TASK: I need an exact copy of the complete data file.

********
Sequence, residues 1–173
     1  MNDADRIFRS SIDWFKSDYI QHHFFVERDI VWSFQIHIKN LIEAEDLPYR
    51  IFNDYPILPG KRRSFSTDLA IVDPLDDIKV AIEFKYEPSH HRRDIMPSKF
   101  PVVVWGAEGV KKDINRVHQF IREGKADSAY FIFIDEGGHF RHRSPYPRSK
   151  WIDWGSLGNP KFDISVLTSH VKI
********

Sequence, residues 1–173
     1  MNDADRIFRS SIDWFKSDYI QHHFFVERDI VWSFQIHIKN LIEAEDLPYR
    51  IFNDYPILPG KRRSFSTDLA IVDPLDDIKV AIEFKYEPSH HRRDIMPSKF
   101  PVVVWGAEGV KKDINRVHQF IREGKADSAY FIFIDEGGHF RHRSPYPRSK
   151  WIDWGSLGNP KFDISVLTSH VKI